United States' presidential plurality victories

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In the United States, Presidential plurality victories are those elections in which the winning candidate received less than 50% of the popular votes cast but the largest share of votes.

The popular vote in an American presidential election was first fully recorded and reported in the election of 1824.[1] Since then, 19 presidential elections have occurred in which a candidate was elected or reelected without gaining a majority of the popular vote.[1] The following is a list and description of those elections in which a candidate won the election with a plurality of the popular vote. The elections of 1824, 1876, 1888, 2000, and 2016 are not on this list because in those elections the winning candidate actually received less than a plurality.[2]


Election of 1844: James K. Polk[edit]

In the election of 1844, James K. Polk was a dark horse (unanticipated) nominee of the Democratic Party.[1][2] Polk faced two opponents in this election. The Whig Party nominated Henry Clay and the Liberty Party nominated James G. Birney.[1] In the general election Polk received 1,339,494 votes, Clay received 1,300,004 votes, and Birney received 62,103 votes.[1] Overall, Polk won 49.6% of the popular vote. In several large cities, Democrats fraudulently registered thousands of immigrant voters to stuff the ballot box for Polk.[1] Despite the fraudulent votes, the most important factor in Clay's defeat was Birney's candidacy, as anti-slavery Whigs in New York voted for Birney.[1] If Clay had retained one-third of the Birney vote in New York he would have won that state and the election.[1]

Election of 1848: Zachary Taylor[edit]

Zachary Taylor was a war hero from the Battle of Buena Vista during the Mexican–American War and was the Whig candidate in the election of 1848.[2] Lewis Cass was the Democratic nominee, replacing retiring incumbent, James K. Polk.[1] The Whigs did not develop a party platform and ran Taylor on his war record, while a section of the Democratic Party endorsed an expansion of slavery, which brought former President Martin Van Buren into the race as the Free Soil candidate. In the general election, Taylor received 1,361,393 (47.3%) votes, Cass received 1,223,460 votes, and Van Buren received 291,501 votes.[1] Van Buren's candidacy undermined his former party, for without him Cass would have won New York and the election.[1]

Election of 1856: James Buchanan[edit]

The election of 1856 saw the recently formed Republican Party competing in its first presidential election.[1] John C. Fremont was the party's first candidate and ran on a platform advocating the abolishment of slavery.[1] James Buchanan replaced the ineffective incumbent Franklin Pierce for the Democratic Party, and former President Millard Fillmore was the candidate of the anti-immigrant American Party, also known as the "Know-Nothings".[1] Buchanan did not campaign and carried most slave states and scored a decisive victory in the west.[1] Overall, Buchanan received 1,836,072 (45.3%) votes, while Fremont received 1,342,345 votes, and Fillmore received 873,053 votes.

Election of 1860: Abraham Lincoln[edit]

By the election of 1860, the Republican Party had become a unified force, having gained control of the House of Representatives.[1] Abraham Lincoln became the Republican nominee after his backers promised spots in a Lincoln cabinet for delegate support.[1] Stephen A. Douglas became the Democratic nominee after the Southern delegates walked out in protest over the Northern delegates refusal to endorse a pro-slavery platform.[1] The Southern Democrats nominated John C. Breckinridge, and the Constitutional Union Party nominated John Bell of Tennessee.[1] With the nation divided, Lincoln received 1,865,908 (39.8%) votes, Douglas received 1,380,202 votes, Breckinridge received 848,019 votes, and Bell received 590,901 votes.[1] Lincoln's victory marked the lowest popular vote percentage victory in the history of the United States.[1]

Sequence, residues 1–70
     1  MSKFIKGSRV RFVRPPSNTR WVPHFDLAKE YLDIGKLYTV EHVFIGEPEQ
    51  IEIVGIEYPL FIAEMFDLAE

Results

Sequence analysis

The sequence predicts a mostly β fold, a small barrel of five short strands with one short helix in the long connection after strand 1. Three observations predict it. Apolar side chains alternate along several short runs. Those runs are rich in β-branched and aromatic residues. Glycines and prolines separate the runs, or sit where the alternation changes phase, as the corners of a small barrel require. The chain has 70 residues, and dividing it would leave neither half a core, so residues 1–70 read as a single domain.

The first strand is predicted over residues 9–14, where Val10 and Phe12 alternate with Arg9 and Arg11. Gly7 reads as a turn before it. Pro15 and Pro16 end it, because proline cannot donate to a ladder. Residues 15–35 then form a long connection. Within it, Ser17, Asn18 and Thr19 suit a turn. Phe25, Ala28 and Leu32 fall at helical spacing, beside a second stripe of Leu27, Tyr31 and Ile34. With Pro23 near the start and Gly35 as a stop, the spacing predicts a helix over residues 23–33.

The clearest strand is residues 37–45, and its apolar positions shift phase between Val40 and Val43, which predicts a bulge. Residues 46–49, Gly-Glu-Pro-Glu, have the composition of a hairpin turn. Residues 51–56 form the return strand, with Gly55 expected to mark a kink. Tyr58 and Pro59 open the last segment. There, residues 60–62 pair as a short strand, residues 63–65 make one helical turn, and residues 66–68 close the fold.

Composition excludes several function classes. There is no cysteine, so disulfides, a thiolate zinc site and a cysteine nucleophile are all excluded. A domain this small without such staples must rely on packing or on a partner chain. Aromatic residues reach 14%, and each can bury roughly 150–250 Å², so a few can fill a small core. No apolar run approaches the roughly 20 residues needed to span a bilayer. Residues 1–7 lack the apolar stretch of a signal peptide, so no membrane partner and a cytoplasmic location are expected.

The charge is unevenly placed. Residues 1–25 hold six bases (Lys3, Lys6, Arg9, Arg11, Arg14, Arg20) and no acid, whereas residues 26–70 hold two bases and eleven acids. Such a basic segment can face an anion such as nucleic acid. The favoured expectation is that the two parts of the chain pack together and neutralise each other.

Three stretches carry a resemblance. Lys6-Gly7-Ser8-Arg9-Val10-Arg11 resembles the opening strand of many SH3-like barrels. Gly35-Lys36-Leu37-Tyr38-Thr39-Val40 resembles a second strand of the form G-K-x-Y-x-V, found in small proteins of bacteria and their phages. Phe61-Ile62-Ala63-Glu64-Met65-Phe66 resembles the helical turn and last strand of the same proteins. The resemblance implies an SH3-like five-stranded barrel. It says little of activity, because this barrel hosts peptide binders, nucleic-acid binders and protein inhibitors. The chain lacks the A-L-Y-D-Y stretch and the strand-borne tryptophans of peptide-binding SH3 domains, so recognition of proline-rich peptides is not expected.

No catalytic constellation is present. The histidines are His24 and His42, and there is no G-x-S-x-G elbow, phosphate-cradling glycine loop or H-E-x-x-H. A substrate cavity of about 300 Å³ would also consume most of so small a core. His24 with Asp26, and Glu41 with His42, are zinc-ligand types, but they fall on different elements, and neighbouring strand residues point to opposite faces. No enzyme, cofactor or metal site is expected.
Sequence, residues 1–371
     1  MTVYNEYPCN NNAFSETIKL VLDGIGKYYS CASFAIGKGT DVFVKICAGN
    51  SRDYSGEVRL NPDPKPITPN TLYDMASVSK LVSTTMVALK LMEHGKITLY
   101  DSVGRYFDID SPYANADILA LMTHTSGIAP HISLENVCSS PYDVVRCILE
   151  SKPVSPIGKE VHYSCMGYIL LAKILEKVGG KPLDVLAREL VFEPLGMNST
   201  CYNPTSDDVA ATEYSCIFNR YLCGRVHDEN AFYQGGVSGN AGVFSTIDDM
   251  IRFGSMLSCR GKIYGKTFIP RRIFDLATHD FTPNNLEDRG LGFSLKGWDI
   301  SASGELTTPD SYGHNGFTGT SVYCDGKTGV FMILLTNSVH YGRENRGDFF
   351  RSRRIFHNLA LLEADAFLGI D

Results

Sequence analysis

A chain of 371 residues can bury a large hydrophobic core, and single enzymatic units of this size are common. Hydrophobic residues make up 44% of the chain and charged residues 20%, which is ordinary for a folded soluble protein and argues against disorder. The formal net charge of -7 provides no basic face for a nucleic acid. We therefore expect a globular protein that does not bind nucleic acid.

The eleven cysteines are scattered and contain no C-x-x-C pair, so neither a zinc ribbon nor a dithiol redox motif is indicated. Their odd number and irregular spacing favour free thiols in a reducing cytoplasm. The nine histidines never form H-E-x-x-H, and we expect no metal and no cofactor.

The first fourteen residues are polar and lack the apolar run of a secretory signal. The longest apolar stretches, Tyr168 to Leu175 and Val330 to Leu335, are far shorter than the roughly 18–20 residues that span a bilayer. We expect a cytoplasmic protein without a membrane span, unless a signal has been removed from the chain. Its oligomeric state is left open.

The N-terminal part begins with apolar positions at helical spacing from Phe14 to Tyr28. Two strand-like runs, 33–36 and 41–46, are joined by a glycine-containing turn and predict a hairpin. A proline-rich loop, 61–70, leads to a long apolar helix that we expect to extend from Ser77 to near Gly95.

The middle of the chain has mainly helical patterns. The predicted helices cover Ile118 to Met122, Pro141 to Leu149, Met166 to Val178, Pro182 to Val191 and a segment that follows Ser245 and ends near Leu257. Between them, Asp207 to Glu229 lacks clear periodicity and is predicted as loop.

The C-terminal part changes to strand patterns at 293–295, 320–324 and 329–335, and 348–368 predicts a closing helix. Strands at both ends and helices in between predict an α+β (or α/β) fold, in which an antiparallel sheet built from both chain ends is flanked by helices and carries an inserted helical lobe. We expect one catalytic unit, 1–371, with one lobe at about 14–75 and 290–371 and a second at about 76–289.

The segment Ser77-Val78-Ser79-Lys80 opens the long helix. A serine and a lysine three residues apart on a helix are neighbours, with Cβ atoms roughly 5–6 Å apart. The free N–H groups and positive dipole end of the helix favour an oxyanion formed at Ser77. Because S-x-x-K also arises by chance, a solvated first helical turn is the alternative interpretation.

Election of 1880: James A. Garfield[edit]

At the Republican convention to nominate a candidate for the presidency in May 1880 the main candidates Ulysses S. Grant and James Blaine failed to collect a majority of delegates. A compromise candidate was needed.[3] James Garfield received the Republican nomination on the 36th ballot of the convention, while the Democratic Party nominated Winfield Scott Hancock on the second ballot.[1] James Weaver was the candidate for the Greenback Party.[1] Garfield ran the first "front porch campaign", while Hancock declined to campaign at all.[1] Garfield received 4,446,158 (48.3%) votes, Hancock received 4,444,260 votes, and Weaver received 305,997 votes.[1] Garfield won the popular vote by less than two thousand votes.[1]

Elections of 1884 and 1892: Grover Cleveland[edit]

Grover Cleveland, the only President to serve non-consecutive terms, also has the unique distinction of having won a plurality of the popular vote three times without ever winning a majority.

In 1884, New York Governor Grover Cleveland with 48.9% of the popular vote and 219 electoral votes narrowly defeated Republican former United States Senator James G. Blaine of Maine with 48.3% of the popular vote and 182 electoral votes.

In 1888, President Cleaveland again won a plurality of the popular vote, but lost the electoral vote (and the election) to Benjamin Harrison.

In 1892, former President Grover Cleveland received his third consecutive Democratic nomination, while incumbent Benjamin Harrison was renominated by the Republican Party.[2] James Weaver, the Greenback Party candidate in 1880, was the candidate of the People's Party and John Bidwell was the candidate of the Prohibition Party.[1] The People's Party did well, pulling thousands of votes away from Harrison.[1] Overall, Cleveland received 5,551,883 (46.2%) votes, Harrison received 5,179,244 votes, Weaver received 1,024,280 votes, and Bidwell received 270,770 votes.[1]

Election of 1912: Woodrow Wilson[edit]